If the idea of returning to work and trying to juggle your career with children is a bit (or a lot!) daunting, take heart – there is a lot you can do to smooth the transition back to the working world, and to keep your sanity as a working parent.
1) Allow yourself mixed emotions – the end of maternity leave is a huge change, and can induce feelings of panic, anxiety and guilt. Some women hate the thought of leaving their baby – others can’t wait to get their old working identity and routine back. Both often feel guilty, either way! It’s ok to have worries and doubts – and it’s normal. Give yourself time to talk it out – talk to your partner, wider family, friends, your employer. Be honest. Try not to bury your head in the sand and pretend it’s not happening – start talking early, look at all the options (full time? part time? job share? flexi hours?) and give yourself permission to ditch the guilt.
2) Set up your childcare – and start this early, especially if you won’t be relying on family to help. Go and visit different childcare options, ask around, check Ofsted reports, and leave time for finding the right place for your child. Sites such as Childcare.co.uk also provide trusted and reliable support for parents across the country. The relationship you have with your childcare provider is absolutely crucial to you being able to make this work, so take your time in getting it right. Even if a family member will be providing your childcare, consider drawing up a few ground rules in advance – the more you can agree a common approach on things such as food, sleep times, TV and screens and discipline, the easier you will find it to work together once you are back at work.
3) Think about the practicalities – like breastfeeding, for instance. If you intend to do this, talk to your employer about how they can make this easier for you (a clean comfortable place to express milk at work, for instance, or flexible lunch hours). Make sure your childcare option is on board too – can they help by bringing your baby to your workplace? Again, talk to your workplace’s human resources department in advance, rather than leaving it until your first day back – explore your rights, and make your needs clear, so they can prepare for your return.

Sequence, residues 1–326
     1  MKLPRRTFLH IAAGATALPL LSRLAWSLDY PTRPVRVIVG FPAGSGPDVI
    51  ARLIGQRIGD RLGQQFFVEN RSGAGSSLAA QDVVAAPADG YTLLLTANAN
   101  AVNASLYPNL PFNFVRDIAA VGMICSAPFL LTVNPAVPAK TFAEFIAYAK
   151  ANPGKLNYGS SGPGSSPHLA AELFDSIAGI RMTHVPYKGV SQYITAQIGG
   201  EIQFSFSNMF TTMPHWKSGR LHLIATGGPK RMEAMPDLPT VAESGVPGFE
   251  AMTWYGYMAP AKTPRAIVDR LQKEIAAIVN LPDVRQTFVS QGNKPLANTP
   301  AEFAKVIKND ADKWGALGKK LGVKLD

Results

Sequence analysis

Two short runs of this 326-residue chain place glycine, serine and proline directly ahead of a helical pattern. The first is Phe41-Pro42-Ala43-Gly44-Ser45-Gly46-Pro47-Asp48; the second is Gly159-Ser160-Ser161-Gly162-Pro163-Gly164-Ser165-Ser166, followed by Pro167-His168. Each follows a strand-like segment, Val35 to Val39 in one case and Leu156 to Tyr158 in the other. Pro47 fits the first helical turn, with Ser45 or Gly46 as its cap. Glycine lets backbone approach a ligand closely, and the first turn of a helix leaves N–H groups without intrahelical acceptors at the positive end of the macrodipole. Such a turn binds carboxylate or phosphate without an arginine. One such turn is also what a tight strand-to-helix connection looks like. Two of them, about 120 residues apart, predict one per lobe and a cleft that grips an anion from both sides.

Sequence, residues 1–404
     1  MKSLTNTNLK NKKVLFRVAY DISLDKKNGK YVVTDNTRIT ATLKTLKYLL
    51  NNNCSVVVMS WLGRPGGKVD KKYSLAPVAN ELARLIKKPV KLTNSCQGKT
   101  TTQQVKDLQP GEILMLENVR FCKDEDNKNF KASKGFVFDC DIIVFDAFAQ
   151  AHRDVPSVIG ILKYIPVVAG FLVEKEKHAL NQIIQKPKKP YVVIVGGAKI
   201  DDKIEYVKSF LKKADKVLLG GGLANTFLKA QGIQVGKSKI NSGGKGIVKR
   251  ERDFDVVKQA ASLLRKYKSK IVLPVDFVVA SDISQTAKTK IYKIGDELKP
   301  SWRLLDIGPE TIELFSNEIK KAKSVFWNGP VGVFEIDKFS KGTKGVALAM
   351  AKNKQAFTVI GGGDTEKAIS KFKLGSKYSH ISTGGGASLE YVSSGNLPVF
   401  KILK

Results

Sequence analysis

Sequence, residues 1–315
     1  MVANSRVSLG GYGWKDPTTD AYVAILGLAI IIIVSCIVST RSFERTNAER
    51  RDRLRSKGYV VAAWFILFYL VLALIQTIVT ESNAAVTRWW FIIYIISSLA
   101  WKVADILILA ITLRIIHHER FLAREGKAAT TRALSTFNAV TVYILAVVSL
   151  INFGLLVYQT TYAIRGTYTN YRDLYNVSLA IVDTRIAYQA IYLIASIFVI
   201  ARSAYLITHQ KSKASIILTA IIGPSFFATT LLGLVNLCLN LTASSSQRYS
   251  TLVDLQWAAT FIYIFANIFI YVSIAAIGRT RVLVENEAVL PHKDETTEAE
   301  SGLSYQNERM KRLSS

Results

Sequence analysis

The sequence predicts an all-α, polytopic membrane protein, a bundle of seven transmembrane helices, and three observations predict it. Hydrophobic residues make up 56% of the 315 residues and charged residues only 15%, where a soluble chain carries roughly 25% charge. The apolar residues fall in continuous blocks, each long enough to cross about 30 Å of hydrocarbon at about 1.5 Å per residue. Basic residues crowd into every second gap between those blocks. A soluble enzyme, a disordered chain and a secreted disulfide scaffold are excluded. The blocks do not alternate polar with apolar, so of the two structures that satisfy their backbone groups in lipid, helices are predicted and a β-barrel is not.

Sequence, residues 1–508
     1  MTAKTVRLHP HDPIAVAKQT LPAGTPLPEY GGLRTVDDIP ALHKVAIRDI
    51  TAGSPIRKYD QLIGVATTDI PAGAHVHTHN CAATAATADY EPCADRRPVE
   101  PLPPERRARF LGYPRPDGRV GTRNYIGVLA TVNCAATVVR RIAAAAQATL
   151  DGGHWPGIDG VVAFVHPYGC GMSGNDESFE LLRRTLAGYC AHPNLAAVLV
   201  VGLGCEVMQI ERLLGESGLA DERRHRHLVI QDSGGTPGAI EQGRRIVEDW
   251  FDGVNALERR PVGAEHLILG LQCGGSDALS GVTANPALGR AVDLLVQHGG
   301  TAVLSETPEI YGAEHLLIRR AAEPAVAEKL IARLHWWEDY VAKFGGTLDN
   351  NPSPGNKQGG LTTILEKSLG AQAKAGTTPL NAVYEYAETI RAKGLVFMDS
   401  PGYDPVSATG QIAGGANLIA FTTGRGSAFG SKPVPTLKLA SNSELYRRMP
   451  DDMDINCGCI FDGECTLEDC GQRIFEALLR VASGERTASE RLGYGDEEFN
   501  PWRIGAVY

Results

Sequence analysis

4) Practice your routine – do some practice runs in the couple of weeks before you are due back. Set the alarm for your new rising time, ask if you can start the childcare a week early to give you – and your child – a time to ‘bed in’ and acclimatise to the new format. If any initial glitches arise, it will give you time to sort them out before you are thrust back into the demands of your job. And set up a few back-up options – what happens if the childminder is sick? What happens if you are delayed at work beyond the agreed pick-up time? Have a couple of emergency ‘willing hands’ on stand-by just to give you peace of mind.
5) Ring-fence some survival time – you are not quite the same person, physically, as you were before you left to have your baby. Your body has been through a lot! You are also contending with sleep disruption and general fatigue. Therefore you may well find it harder to bounce back after a day at work. Plan an earlier bedtime on work days, to get in as much sleep as possible. Divide household tasks and chores between you – and leave the ones that aren’t essential! Make time to meet up with other new mothers who know what you’re going through – they will give you the emotional support you need when your co-workers may not understand, or be willing to make allowances for your new juggling routine. And hang in there – give things a chance. Talk to your boss, and try to fine-tune things rather than give up – it’s in both your interests to find a balance that works for your employer, you and your new family.
About the Author:
Jo Wiltshire is an author and journalist specialising in parenting and family issues. A former celebrity interviewer for The Mail On Sunday, she has written three books on parenting, co-authored several other titles, and is a regular commentator on family topics in the press, online, on radio and on TV. She is currently working with Childcare.co.uk, the service, which helps parents, nannies and childminders to connect.
Jo has two children and believes that every parent is the best expert when it comes to their own children. She aims to support and encourage parents to trust their own instincts, and is working with childcare.co.uk to share the best advice and top tips gathered from real parents on the front line of family life!